FTC sues iBackPack says firm spent crowdfunding dollars on personal items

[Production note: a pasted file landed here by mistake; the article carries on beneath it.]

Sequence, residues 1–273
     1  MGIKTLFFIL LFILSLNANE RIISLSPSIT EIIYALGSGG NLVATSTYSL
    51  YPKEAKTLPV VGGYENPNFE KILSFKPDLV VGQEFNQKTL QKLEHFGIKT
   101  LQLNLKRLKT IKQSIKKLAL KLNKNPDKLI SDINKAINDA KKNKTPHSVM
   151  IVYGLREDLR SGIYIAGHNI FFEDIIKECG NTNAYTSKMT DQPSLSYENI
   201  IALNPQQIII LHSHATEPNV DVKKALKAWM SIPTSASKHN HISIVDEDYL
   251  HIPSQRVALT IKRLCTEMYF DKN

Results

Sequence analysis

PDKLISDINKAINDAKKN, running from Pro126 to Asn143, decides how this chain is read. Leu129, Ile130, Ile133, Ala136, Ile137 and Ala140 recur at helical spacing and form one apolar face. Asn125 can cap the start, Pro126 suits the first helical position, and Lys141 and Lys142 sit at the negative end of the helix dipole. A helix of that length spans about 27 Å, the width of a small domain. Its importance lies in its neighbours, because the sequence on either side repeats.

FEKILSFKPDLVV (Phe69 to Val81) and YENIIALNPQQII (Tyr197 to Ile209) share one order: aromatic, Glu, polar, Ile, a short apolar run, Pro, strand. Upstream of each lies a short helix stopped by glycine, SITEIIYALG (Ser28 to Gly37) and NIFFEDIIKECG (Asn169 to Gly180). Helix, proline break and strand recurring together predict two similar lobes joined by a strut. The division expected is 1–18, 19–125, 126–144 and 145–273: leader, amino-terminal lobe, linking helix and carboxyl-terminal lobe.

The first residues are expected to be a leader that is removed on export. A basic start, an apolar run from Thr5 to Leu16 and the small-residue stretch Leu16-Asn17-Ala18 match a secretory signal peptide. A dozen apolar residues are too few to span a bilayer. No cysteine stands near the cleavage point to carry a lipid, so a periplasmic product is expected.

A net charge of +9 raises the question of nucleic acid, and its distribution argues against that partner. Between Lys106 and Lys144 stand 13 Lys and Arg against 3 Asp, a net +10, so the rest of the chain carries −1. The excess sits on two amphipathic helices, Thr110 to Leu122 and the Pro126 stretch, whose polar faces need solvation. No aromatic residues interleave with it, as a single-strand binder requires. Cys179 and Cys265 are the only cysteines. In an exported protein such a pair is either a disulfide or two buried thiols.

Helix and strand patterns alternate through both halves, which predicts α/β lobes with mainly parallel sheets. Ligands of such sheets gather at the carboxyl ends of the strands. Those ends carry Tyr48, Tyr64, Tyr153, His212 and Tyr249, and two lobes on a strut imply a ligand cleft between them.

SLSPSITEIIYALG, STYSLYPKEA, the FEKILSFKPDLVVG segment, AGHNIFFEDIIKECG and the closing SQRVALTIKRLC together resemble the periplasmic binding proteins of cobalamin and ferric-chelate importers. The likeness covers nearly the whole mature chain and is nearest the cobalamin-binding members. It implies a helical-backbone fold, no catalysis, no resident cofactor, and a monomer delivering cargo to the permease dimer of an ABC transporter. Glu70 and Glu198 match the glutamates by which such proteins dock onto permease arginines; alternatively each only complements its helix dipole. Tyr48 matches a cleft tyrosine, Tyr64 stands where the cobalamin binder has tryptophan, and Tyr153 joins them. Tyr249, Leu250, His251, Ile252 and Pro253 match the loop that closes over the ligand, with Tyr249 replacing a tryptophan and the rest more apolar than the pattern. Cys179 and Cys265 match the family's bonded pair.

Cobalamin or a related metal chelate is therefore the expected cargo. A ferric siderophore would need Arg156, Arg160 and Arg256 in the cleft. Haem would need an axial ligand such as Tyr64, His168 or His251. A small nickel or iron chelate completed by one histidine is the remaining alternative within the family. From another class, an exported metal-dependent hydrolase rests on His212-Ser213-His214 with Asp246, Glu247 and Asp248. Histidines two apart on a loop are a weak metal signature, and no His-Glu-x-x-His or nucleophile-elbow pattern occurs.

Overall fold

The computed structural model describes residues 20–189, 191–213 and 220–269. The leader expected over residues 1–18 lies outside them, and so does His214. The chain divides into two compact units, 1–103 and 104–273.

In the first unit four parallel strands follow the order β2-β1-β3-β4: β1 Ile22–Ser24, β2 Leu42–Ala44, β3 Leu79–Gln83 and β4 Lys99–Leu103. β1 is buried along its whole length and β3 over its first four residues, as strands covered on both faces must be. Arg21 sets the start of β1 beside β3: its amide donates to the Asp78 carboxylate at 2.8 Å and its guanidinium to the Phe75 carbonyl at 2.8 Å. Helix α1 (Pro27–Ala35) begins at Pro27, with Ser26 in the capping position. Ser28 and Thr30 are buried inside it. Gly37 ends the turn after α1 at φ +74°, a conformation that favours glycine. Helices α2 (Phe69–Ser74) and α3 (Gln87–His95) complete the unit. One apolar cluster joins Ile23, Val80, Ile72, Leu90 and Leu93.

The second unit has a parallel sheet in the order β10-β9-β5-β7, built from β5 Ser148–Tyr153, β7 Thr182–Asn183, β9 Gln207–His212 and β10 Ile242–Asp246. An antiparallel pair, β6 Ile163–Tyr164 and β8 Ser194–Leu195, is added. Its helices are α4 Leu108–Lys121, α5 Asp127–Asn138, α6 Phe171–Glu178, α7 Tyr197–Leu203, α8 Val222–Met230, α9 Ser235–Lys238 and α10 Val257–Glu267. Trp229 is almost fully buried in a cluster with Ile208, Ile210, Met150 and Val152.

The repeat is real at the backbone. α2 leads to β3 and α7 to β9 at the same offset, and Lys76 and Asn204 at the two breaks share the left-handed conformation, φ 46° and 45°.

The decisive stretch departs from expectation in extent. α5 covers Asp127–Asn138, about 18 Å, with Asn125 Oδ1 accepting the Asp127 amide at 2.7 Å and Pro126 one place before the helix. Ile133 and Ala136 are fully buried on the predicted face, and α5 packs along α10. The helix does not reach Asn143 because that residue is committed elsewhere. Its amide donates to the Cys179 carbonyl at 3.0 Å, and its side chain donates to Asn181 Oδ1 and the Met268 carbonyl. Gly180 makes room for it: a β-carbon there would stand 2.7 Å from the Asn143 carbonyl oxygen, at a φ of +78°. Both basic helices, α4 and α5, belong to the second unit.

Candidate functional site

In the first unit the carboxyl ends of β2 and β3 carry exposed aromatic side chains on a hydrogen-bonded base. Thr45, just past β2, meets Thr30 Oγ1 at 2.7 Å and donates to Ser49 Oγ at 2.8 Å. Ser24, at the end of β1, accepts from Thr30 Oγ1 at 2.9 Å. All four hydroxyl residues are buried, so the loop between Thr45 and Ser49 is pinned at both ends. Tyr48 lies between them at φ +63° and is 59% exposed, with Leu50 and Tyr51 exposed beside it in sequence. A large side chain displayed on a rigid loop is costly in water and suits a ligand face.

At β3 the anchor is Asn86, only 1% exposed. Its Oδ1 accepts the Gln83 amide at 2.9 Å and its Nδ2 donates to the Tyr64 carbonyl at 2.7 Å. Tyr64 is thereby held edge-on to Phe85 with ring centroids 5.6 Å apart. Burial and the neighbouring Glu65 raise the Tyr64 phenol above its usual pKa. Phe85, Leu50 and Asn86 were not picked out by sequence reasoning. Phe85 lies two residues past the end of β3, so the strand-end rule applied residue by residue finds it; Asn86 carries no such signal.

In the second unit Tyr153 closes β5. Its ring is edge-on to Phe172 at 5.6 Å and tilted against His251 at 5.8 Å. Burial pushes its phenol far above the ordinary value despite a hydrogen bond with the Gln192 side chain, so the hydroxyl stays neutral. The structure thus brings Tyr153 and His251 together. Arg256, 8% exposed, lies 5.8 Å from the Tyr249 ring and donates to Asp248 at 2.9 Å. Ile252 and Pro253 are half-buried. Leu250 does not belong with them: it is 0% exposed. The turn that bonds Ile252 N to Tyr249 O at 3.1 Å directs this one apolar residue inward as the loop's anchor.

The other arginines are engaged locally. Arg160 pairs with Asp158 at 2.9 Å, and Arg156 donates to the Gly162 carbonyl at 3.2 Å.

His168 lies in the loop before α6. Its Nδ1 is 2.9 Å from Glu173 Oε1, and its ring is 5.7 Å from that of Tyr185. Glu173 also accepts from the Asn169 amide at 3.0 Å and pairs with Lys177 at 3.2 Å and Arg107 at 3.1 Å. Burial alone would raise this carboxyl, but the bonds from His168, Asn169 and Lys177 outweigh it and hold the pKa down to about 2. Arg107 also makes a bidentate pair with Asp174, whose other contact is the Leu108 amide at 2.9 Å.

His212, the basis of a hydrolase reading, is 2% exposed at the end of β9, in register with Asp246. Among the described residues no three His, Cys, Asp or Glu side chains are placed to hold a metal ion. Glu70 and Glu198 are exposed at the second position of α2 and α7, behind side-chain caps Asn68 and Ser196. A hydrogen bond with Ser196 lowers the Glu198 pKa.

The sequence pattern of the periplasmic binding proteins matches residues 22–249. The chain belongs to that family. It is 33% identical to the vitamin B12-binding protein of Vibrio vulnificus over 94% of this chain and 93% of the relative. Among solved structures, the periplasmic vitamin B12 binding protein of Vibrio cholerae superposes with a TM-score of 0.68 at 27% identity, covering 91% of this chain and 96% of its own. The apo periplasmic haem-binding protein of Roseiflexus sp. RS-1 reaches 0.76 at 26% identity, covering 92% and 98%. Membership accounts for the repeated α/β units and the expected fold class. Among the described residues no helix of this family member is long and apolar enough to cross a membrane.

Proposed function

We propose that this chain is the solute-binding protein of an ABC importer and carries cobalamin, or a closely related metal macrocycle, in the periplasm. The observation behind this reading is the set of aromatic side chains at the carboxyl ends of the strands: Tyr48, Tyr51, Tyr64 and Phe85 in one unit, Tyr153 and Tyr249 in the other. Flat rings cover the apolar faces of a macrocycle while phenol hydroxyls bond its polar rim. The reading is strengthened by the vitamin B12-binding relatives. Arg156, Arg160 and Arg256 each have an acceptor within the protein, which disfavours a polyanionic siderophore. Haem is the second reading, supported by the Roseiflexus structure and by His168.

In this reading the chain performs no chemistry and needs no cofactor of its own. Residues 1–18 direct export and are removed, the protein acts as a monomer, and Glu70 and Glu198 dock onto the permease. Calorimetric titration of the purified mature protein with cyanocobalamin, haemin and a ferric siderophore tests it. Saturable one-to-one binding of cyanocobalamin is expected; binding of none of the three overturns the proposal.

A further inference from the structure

first_img 0 Now playing: Watch this: Apple’s new services, FTC nails robocall companies Share your voice The promised pack. Crowdfunders say it still hasn’t materialized. iBackPack Developers of a high-tech backpack are under fire from the US Federal Trade Commission for what the agency says were deceptive crowdfunding practices.The FTC said in a release Monday that Douglas Monahan’s company, iBackPack of Texas, LLC, raised $800,000 from consumers over four fundraisers. The agency filed a complaint Monday in the Southern District Court of Florida, alleging that iBackPack and Monahan used “a large share of the funds on various personal expenses.” The money was meant for development, production and delivery of products, but the FTC said that to date no backpacks have been delivered.”While hundreds of consumers have complained about the campaigns, defendants largely have ignored refund requests and then shut down the company, have transferred the remaining money to unrelated companies run by defendant Monahan, and have ceased communications with consumers,” the complaint said. Andrew Smith, Director of the FTC’s Bureau of Consumer Protection, said those who raise money through crowdfunding don’t have to guarantee their idea will work, but the funds have to be dedicated to work on the idea. Monahan first sought funding for iBackPack in 2015. By November 2017, the crowdfunding campaign had raised $720,000, according to the FTC. The backpack had a distribution date of March 2016, which was missed, and Monahan began another fundraiser on Kickstarter. The second fundraiser ended in April 2016, garnering an additional $76,000. Around the same time, Monahan started two more campaigns on Indiegogo and raised $11,000, according to the FTC.Monahan’s website and the campaigns are still online. Consumers have voiced their displeasure in the comments section demanding their money back, citing Kickstarter’s terms of use. According to the Indiegogo campaign, the iBackPack would be able to hold “all your electronics” and would come with an optional built-in Wi-Fi connection and batteries “galore.” The TSA-friendly pack, with a built-in rain hood and 30 compartments, would make sure all your electronics are charged.Monahan didn’t immediately respond to request for comment. Originally published May 7.Update, May 8: Adds our reaching out to Doug Monahan for comment.  1:14center_img Post a comment Tech Industry FTC Tagslast_img

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